You know, I've been thinking about that. There is this political researcher called John Judge. He is co-founder of COPA (Coalition on Political Assassinations) and 911citizenswatch.org. He always cites President Washington and President Jefferson, who, according to Mr. Judge, believed that political parties, themselves, were inimical to democracy.
In short, the reason for this is because, by definition, political parties take power from the masses and give it to the few. Judge cites Jefferson, who apparently said, that in any society you can only have two parties no matter what they call themselves: the aristocrats who want to take power from the people and give it to the rich and powerful few; and the "Democrats" who want to take power from the few and give it to the people -- but in a TRULY democratic society you don't need a Democratic party.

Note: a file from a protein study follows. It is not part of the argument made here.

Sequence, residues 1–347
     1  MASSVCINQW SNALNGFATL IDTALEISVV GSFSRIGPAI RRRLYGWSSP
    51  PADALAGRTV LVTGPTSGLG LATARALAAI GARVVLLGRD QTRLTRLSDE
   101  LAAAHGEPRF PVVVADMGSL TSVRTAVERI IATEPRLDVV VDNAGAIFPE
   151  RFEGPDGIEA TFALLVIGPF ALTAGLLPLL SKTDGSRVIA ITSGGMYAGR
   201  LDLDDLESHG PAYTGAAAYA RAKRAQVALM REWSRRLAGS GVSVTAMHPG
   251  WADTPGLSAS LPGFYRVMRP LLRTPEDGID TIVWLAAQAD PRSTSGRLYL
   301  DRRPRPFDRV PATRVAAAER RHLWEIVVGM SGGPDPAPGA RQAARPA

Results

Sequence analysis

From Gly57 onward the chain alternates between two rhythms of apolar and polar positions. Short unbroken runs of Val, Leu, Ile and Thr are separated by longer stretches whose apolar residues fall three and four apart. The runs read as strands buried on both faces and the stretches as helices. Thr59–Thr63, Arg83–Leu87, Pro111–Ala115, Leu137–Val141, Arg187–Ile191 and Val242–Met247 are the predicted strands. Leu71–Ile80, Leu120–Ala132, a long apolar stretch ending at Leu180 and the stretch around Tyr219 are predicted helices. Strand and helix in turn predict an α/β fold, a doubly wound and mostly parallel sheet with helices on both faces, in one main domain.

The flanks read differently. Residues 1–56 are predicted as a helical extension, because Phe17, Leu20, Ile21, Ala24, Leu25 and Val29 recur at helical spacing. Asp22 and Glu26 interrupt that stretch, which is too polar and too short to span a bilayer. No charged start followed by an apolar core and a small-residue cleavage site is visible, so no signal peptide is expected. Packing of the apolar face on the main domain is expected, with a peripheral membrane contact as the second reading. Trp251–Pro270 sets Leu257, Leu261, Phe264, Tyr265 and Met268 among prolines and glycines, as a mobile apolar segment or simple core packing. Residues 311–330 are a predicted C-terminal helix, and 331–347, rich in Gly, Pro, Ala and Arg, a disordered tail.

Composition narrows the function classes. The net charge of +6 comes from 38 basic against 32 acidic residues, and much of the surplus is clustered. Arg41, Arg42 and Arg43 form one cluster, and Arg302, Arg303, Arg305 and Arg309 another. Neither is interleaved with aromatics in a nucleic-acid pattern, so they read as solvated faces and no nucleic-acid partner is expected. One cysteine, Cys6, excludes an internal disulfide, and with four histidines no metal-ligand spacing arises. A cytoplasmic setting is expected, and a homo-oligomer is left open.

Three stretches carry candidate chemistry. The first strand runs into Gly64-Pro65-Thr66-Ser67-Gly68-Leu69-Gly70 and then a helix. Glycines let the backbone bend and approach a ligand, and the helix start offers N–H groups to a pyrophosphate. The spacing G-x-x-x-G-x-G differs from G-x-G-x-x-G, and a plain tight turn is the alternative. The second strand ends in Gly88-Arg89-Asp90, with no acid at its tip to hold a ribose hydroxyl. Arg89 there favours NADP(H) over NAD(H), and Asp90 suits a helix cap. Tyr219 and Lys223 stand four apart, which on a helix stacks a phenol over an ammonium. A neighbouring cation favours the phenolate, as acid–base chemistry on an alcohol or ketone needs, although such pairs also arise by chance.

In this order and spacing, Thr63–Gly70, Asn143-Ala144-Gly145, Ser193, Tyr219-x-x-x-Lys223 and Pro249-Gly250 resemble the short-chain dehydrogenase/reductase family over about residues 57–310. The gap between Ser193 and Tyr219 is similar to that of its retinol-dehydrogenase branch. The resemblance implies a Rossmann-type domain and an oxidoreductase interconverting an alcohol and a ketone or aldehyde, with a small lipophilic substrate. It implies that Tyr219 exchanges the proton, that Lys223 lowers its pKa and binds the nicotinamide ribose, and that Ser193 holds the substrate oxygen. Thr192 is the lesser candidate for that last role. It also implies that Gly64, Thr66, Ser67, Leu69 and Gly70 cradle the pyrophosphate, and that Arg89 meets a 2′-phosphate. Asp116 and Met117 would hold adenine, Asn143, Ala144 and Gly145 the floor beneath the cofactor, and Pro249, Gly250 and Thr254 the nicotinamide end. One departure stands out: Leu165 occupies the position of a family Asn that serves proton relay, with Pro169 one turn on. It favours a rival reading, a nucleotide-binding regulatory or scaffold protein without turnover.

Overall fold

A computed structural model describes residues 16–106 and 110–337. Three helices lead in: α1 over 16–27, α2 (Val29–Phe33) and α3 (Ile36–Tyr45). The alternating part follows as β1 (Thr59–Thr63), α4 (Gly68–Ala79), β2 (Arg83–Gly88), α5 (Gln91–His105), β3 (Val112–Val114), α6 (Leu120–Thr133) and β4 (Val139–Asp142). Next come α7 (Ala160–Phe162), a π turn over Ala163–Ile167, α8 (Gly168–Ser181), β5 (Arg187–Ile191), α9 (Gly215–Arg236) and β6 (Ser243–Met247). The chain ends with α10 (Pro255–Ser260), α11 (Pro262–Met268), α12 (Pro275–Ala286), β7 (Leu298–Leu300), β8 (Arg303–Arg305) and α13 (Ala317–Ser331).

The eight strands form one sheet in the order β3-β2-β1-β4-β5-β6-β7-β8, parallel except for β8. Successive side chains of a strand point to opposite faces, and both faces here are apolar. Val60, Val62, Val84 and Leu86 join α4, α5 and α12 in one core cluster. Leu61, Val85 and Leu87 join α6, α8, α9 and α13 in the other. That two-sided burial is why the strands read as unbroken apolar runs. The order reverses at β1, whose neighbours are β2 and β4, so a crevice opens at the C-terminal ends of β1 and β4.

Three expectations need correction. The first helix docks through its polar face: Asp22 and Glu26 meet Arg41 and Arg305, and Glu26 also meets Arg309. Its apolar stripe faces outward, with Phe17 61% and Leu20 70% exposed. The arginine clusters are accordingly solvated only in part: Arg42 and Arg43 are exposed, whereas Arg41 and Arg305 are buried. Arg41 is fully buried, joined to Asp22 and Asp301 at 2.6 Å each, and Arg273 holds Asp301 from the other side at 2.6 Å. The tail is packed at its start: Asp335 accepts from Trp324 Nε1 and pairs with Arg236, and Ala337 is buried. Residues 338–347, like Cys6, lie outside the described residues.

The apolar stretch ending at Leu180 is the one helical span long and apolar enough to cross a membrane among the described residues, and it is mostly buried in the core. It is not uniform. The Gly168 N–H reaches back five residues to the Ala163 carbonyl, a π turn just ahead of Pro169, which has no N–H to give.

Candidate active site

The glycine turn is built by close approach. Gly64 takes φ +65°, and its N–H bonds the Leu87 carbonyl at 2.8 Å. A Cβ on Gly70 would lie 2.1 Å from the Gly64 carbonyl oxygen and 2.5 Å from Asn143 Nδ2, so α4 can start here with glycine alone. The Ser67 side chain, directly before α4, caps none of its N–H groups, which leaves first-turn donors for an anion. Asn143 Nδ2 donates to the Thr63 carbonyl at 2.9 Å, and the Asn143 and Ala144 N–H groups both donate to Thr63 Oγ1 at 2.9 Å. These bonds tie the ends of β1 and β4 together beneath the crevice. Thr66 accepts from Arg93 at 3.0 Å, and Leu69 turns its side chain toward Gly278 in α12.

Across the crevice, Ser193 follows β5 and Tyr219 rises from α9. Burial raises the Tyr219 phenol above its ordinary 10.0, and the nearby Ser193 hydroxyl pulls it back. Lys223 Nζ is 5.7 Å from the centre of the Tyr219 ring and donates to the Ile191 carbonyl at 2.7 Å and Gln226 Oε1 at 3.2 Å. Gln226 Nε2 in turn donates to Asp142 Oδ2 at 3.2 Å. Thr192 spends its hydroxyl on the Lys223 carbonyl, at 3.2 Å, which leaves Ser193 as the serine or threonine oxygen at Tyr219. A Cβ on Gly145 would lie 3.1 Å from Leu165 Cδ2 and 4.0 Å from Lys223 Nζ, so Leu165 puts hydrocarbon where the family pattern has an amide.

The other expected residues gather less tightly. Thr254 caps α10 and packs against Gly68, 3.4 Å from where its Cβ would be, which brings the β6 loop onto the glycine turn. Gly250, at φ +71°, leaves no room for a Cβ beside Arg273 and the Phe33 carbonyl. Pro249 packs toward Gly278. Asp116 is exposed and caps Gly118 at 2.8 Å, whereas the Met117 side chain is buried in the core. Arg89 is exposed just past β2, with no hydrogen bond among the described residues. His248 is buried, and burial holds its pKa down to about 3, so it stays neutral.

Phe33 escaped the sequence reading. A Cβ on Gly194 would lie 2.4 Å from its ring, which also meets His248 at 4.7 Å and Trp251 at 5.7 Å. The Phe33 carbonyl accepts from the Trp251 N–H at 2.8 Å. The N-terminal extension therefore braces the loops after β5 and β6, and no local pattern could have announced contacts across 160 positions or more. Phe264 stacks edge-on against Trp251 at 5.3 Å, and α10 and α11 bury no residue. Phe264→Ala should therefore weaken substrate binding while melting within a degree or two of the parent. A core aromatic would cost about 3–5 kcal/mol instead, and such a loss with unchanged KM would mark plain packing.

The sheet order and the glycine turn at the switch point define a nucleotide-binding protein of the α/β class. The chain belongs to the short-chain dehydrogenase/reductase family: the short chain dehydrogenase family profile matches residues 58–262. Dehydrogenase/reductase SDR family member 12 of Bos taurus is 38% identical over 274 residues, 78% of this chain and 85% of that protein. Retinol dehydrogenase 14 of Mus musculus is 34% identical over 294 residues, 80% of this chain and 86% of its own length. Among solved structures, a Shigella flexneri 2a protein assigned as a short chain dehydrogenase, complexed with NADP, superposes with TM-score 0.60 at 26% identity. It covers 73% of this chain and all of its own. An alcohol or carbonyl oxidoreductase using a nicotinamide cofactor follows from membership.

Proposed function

John Judge says (and I think he's on to something here) that it would be more democratic if we could vote on issues instead of for this or that politician from this or that political party. We've had the technology since the thirties when radio was avaliable to have national, inclusive debate and discussion on the issues.
Judge cites Jefferson again, who apparently said that given a choice between a government without a newspaper or a newspaper without a government, he woulld always choose the latter. The point is that Jefferson believed that information flow was even more important than the apparatus of government or those organs of the state that carry out policy.